My way or the Freeway?

Where were you in 1962? 

In quick succession between January and August 1962, Chrysler, British Motor Corporation Australia (BMCA), Holden and Ford all released new, family-focused, locally-constructed vehicles of similar dimensions, engine capacity, number of cylinders and price.

Australia’s car buyers never had it so good. 

The first to appear in January, 1962 was the powerful Valiant.

In April, BMCA released their Freeway and Wolseley 24/80 duo.

The new cars were a big bet by BMCA. 

In 1950 the company luxuriated in a 30 per cent market share, higher than Holden’s. 

Trouble was, by the time the family-sized, Pininfarina-styled Austin four cylinder A60 Cambridge, Morris Oxford and Wolseley 15/60 appeared in early 1959 — BMCA’s share had sunk to just 11 per cent.

BMCA managers knew their underpowered “big car” trio was not competitive in a market that favour six cylinder cars.

They had long held aspirations of winning a slice of this lucrative market and convinced their penny-pinching bosses in the UK that a car more suited to Australia was needed.

The existing 98 cubic inch/1.6 litre B-series engine was expanded to a 146 cubic inch/2.4-litre six.

A running prototype was tested in early 1960. It produced 80bhp/60kW.

BMCA tagged it the “Blue Streak”, naming it after a British missile and rocket project.

With a slightly redesigned front and rear end, the Morris and Austin models were merged into the Freeway.

The Wolseley’s styling hardly changed.

The cars were launched at an extravagant event at Sydney’s famed Trocadero function centre.

Faced with the new Valiant and the impending release of the totally restyled EJ Holden, BMCA’s dealers could not rely on winning sales through new styling to attract buyers.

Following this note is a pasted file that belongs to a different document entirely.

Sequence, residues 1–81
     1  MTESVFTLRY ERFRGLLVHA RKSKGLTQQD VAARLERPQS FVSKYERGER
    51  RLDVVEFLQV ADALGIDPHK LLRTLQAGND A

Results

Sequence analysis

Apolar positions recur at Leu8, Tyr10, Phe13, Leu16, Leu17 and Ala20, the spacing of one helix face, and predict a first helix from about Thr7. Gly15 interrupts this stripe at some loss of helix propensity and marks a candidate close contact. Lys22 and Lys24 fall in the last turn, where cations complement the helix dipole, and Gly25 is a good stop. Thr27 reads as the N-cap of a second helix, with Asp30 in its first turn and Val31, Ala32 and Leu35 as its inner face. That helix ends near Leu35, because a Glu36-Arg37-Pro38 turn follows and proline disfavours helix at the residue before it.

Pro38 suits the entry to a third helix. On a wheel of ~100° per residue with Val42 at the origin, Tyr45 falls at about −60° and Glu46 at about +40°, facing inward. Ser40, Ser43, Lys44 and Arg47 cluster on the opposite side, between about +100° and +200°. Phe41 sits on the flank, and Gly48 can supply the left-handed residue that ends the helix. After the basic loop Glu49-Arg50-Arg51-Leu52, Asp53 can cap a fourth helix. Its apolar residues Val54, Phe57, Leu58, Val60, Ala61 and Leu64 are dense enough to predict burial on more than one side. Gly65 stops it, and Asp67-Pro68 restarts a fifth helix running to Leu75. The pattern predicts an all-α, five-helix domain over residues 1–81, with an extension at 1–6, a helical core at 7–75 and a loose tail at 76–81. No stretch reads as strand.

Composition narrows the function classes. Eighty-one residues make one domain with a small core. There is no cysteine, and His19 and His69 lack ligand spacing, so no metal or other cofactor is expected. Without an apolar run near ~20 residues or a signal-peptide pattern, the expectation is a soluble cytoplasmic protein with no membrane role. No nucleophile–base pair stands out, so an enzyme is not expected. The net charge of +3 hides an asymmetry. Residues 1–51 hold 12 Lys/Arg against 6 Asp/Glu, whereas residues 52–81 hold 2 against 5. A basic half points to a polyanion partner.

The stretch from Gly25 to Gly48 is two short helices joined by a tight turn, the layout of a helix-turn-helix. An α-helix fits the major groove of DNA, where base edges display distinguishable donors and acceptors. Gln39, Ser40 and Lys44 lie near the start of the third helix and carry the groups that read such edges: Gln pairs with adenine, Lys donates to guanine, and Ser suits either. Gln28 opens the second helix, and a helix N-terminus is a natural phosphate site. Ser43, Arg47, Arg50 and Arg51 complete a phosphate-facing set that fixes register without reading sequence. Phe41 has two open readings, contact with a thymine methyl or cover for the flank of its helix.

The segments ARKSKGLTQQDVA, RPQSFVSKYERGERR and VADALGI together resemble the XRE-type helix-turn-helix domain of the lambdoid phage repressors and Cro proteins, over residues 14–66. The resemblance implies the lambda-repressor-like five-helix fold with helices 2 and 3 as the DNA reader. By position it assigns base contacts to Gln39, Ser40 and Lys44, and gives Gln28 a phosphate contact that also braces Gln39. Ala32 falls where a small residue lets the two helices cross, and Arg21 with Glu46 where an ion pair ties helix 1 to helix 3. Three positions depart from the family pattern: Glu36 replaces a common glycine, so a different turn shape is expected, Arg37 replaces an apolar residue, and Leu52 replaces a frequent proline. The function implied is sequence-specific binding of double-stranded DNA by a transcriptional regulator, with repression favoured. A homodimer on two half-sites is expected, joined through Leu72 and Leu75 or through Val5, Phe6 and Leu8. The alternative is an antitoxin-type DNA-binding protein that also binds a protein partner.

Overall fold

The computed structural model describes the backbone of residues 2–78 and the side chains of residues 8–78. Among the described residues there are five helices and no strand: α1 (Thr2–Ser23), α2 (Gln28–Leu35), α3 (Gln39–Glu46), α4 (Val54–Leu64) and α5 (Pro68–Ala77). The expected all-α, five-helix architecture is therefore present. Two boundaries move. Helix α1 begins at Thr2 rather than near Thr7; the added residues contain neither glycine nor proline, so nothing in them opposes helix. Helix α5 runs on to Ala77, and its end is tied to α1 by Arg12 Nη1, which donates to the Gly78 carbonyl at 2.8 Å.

The engine did not give dealers much to boast about either.

At 80bhp/60kW it slightly bested Holden’s mediocre efforts, but was no match for the Falcon’s bigger “pursuit” motor and was way behind the Valant’s in capacity and power.

It was on the inside where the duo excelled. 

Both were exceptionally well equipped compared to their rivals.

Priced mid-way between the EJ Special and Falcon Deluxe, Freeway offered a heater/demister, oil and temperature gauges, locking petrol cap, padded dashboard, full width parcel tray and seat belt anchor points as standard.

Wolseley provided the Freeway’s equipment plus carpet, burled wood dashboard, clock, leather upholstery and centre rear seat armrest.

Both could be had with a Borg Warner automatic. 

But no matter how hard they tried, BMCA could not entice many buyers to part with their money. 

It is generally agreed that when production of the Freeway and Wolseley ended in 1965, only 27,000 had been sold. 

Why did car buyers shun the Freeway and Wolseley? 

I reckon there are three reasons.

First: They looked very much like the previous four-cylinder BMCA cars, which had not been able to make an impact on Holden’s sales.

Their narrow stance and tall body meant they looked like, and were, remnants from the 1950s.

Second: The company’s financial situation and the success of the Mini and 1100 had an impact.

BMCA did not have the financial resources to support marketing and advertising for its entire range. 

With the success of the Mini and 1100 all efforts were directed at those volume sellers rather than the slower-selling Freeway and Wolseley.

Third: Horsepower.

By the end of 1963, Holden had the famed 179, Ford had its 200 cubic inch Super Pursuit motor and Chrysler was way out in front with the Valiant 225 cubic inch engine.

BMCA was at the bottom of this important hierarchy at a time when capacity and power were important reasons to buy.

Both models were gone by 1965, replaced by the front-wheel drive Austin 1800.

BMCA had two more tries at the six-cylinder market with the Tasman/Kimberley duo and the P76.

And you all know how that story ended.


David Burrell is the editor of

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